Jack Daniel's Fundraising Committee Offered Settlement Deal
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Deal on Horizon for Police-Run ‘Jack Daniel’s Fundraising Committee’ Alleged to have Illegally Sold More Than $500K in Whiskey

Jack Daniel's

A fraternal police lodge purchased a barrel of Jack Daniel’s whiskey for the Jack Daniel’s Fundraising Committee, which received an offer for a settlement deal on Sunday. (Photo: Kyle Dean Reinford/picture-alliance/dpa/AP Images)

The Washington, D.C. Attorney General’s Office offered to settle out of court with the Jack Daniel’s Fundraising Committee, a fraternal police lodge, which allegedly conducted online whiskey sales without the proper permits, the Washington Post reported Sunday. This is the latest in a string of events involving claims that the Jack Daniel’s Fundraising Committee was responsible for illegally selling 3,000 bottles of Jack Daniel’s between 2017 and 2020.

The settlement was reached just two months after Officers Gerald Niell Jr. and Michael Murphy raised alarms about the Jack Daniel’s Committee and were both ousted by the National Fraternal Order of Police at an April meeting in Boston. Both men are in the process of appealing the decision and insist they were removed for raising alarms about the organization. Their claims were refuted by a lawyer for the national FOP board.

The Jack Daniel’s Fundraising Committee’s inception was in part due to Michael Kruggel, a lodge member of the financially struggling entity. In 2017, Kruggel planned to purchase a barrel of Jack Daniel’s and re-sell it in police-branded bottles at conventions and on the internet to generate revenue for the FOP lodge, according to the Washington Post. Kruggel was then appointed chair of the newly minted “Jack Daniel’s Fundraising Committee.”

The D.C. lodge did not operate in accordance with liquor laws and was purported to have raised hundreds of thousands of dollars in liquor sales during the three-year period.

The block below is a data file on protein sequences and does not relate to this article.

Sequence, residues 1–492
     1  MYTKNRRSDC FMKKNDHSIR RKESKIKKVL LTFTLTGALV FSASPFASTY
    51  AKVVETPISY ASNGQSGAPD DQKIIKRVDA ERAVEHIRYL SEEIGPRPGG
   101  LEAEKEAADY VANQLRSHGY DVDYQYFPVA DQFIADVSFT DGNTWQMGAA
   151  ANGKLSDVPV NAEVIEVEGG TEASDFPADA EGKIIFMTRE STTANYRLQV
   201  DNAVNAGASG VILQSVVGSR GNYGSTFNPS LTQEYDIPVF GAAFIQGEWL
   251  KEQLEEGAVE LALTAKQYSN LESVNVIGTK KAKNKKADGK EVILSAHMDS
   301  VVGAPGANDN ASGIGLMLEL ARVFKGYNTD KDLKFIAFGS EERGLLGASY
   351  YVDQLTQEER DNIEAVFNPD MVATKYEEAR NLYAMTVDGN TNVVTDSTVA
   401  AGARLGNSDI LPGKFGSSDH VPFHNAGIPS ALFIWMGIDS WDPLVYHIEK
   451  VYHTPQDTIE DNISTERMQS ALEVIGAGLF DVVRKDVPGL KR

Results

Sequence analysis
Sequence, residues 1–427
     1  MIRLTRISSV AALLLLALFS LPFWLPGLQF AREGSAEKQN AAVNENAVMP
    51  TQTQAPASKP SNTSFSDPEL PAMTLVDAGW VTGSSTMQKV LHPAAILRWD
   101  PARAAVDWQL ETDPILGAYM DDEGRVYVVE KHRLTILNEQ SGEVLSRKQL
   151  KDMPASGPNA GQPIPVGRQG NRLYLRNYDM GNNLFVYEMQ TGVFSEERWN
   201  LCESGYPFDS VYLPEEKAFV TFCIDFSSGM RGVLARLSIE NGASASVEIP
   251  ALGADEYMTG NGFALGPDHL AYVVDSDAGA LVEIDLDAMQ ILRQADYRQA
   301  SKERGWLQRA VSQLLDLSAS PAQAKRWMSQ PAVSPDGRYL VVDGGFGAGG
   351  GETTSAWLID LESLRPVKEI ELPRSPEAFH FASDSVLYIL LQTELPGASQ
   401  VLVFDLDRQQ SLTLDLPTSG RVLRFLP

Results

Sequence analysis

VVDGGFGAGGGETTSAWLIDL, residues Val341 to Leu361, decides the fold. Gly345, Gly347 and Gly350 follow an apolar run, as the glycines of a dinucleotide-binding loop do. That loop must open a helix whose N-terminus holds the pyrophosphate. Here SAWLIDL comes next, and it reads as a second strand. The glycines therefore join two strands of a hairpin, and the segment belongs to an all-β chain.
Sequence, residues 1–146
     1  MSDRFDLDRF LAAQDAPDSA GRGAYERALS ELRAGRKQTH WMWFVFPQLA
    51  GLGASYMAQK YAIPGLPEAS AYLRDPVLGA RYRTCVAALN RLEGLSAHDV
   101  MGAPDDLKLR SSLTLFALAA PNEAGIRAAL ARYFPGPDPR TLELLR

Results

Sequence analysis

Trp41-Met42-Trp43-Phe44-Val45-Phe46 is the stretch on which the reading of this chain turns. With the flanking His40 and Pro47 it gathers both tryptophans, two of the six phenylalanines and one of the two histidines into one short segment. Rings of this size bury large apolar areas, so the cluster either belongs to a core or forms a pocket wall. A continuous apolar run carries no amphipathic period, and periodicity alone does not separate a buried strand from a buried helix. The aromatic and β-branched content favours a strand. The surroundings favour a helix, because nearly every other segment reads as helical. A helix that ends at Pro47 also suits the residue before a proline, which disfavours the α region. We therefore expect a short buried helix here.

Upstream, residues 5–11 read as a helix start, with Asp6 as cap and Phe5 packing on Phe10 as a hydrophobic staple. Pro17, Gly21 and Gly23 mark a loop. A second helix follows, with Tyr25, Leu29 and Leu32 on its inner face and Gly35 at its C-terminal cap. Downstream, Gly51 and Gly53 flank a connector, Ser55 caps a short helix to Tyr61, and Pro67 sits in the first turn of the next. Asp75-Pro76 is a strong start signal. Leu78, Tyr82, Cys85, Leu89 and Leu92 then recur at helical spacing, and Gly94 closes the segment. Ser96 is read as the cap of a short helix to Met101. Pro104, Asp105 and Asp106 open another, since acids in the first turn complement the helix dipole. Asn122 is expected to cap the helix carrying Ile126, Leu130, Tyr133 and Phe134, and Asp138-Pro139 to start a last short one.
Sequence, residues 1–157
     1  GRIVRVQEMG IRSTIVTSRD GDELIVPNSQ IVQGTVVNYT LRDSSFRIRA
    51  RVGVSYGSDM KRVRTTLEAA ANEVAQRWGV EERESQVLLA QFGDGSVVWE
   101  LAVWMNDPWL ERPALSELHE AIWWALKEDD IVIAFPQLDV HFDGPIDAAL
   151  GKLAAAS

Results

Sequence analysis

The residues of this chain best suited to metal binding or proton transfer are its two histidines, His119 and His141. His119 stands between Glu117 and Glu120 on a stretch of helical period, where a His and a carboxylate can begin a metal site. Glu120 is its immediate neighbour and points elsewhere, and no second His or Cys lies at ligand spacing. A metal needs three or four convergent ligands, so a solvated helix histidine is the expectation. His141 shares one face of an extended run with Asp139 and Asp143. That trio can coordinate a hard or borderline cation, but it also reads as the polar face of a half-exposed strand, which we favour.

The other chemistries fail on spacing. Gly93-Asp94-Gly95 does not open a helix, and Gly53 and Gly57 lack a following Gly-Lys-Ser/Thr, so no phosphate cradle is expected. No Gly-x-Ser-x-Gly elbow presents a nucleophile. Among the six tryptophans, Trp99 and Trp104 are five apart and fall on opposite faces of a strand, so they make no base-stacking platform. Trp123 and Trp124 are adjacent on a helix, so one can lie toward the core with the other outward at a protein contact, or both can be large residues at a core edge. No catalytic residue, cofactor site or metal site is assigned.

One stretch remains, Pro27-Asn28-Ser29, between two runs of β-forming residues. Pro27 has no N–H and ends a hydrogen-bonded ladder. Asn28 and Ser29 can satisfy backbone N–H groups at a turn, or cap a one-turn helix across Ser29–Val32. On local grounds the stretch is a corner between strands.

In December 2021, the city’s alcohol control board discovered the FOP lodge violated six provisions of D.C. laws involving importation, distribution and sales of liquor. The FOP lodge was subsequently fined $2,000 by the city in April 2022, according to Barred In DC.

An audit found that the sales tallied up to the rough equivalent of $516,000. The revenue was purportedly used to pay for the committee’s expenses and travel costs, leaving a net revenue of only $11,000.

“The lodge made a whole lot more money than they alleged,” Kruggel said, per the Washington Post.

In reference to the recent removal of Officers Niell and Murphy, Larry James, the general counsel of the national FOP, claimed the officers were ousted for failing to follow mandates from the national trustees.

“They had every opportunity to get their house in order,” James said in reference to Murphy and Niell. “They basically refused.”

The proposed settlement agreement from the Attorney General’s Antitrust and Nonprofit Enforcement Section requested “voluntary compliance,” in lieu of taking the case to court, though whether the office is pursuing a criminal or civil case remains to be seen.

The newly appointed president of the lodge, Ronald Burgeson, insists that brighter days are ahead for the institution.

“One hundred percent we want to move forward,” Burgeson concluded. “It’s about healing and starting to build the lodge back.”

Murphy does not hold the same confidence.

“There are a lot of questions where the money went. Nobody wants to hold those people accountable.” Murphy concluded.

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Cynthia Mersten is a writer/editor for Whiskey Raiders and has worked in the Beverage Industry for eight years. She started her career in wine and spirits distribution and sold brands like Four Roses, High West and Compass Box to a variety of bars and restaurants in the city she calls home: Los Angeles. Cynthia is a lover of all things related to wine, spirits and story and holds a BA from UCLA’s School of Theatre, Film and Television. Besides writing, her favorite pastimes are photography and watching movies with her husband.